The unique positioning of Durbans bulkwater supplier

His voice had taken on a kind of religious awe; it was as if he had spoken of some untouchable tabernacle which concealed the crouching greedy god to whom they all offered up their flesh, but whom they had never seen.

(Emile Zola, Germinal) Umgeni Water's operations are financed mainly through the sale of potable water and to a far lesser extent, tariffs charged for the treatment of wastewater. In addition, capital is raised through the issue of stock on the Johannesburg Stock Exchange (JSE). These stocks are consolidated into two highly successful gilt megabonds trading as UG50 and UG55 on the Johannesburg Stock Exchange.

(Umgeni Water 2004)

Umgeni Water occupies a vital position in the supply-chain of water to Durban. Whereas Swyngedouw (2004) makes reference to a process of local waters being transformed into global money, through processes of privatization around the world, this is occurring in Durban as Umgeni Water (ostensibly a parastatal entity) strives to ensure returns for bondholders on the Johannesburg Stock Exchange. Through peering into the dealings of Umgeni Water, we are able to chart something of a journey from the trickling taps of township residents to untouchable tabernacles hiding the crouching, greedy gods of the Johannesburg Stock Exchange. Equipped with some of the theoretical understanding acquired from the previous section, we are able to see some of the metabolic processes comprizing the socio-natural waterscape in Durban.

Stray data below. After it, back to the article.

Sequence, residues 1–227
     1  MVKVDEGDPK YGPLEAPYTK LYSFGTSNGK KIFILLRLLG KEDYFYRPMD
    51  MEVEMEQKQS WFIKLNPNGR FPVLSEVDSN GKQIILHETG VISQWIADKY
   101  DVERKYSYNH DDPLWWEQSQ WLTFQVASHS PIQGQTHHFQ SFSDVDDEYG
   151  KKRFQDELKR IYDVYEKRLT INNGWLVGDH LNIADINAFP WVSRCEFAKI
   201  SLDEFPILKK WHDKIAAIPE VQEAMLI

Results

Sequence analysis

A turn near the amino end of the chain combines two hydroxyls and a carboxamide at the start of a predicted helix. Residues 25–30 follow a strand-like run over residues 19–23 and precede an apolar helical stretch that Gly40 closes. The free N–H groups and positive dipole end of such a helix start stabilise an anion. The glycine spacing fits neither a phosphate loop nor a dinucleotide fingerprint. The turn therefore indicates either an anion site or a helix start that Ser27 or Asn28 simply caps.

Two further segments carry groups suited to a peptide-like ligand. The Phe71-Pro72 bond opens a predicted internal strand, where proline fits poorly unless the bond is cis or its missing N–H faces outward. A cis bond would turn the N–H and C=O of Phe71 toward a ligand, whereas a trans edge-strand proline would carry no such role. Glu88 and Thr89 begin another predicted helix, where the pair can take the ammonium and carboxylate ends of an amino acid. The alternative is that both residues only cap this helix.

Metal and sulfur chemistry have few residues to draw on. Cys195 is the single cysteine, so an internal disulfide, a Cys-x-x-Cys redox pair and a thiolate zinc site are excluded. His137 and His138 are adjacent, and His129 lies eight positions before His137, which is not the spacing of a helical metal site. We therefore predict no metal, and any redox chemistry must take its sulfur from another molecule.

Umgeni Water has occupied such a crucial position since 1 January 1984. From this time on, the city has been required to purchase its bulk-water supplies from a third party. Originally termed the Umgeni Water Board, this third party was superficially created to act as a mediator between different users of the water abstracted from the Umgeni River. With Durban using 85 percent of this water, the municipality built up an extensive supply infrastructure along the river. Before the water board could take control of bulk water provision, the vast majority of this infrastructure needed to be purchased from the City

Council (Lynski 1982). For decades, the municipality had been opposed to the creation of a water board, arguing that it would give a third party unnecessary influence over the cost of water in Durban (Kinmont 1959; Macleod, personal interview, 27 March 2003). A mixture of pride and pragmatics seemed to drive much of this opposition although frequently it was couched in strict financial terms. Thus, early on, the City Engineer recognized that:

The present standing value of the assets of the Durban Water Undertaking on conservation and purification works must approximate £7,000,000; and it is difficult to visualise any Water Board which can be set up being able to purchase outright these assets. Further unless it does so, any new Board would be unable—for many years—to supply water to its consumers at a rate comparable with that which water is being retailed to the city today.

(Kinmont 1959:15)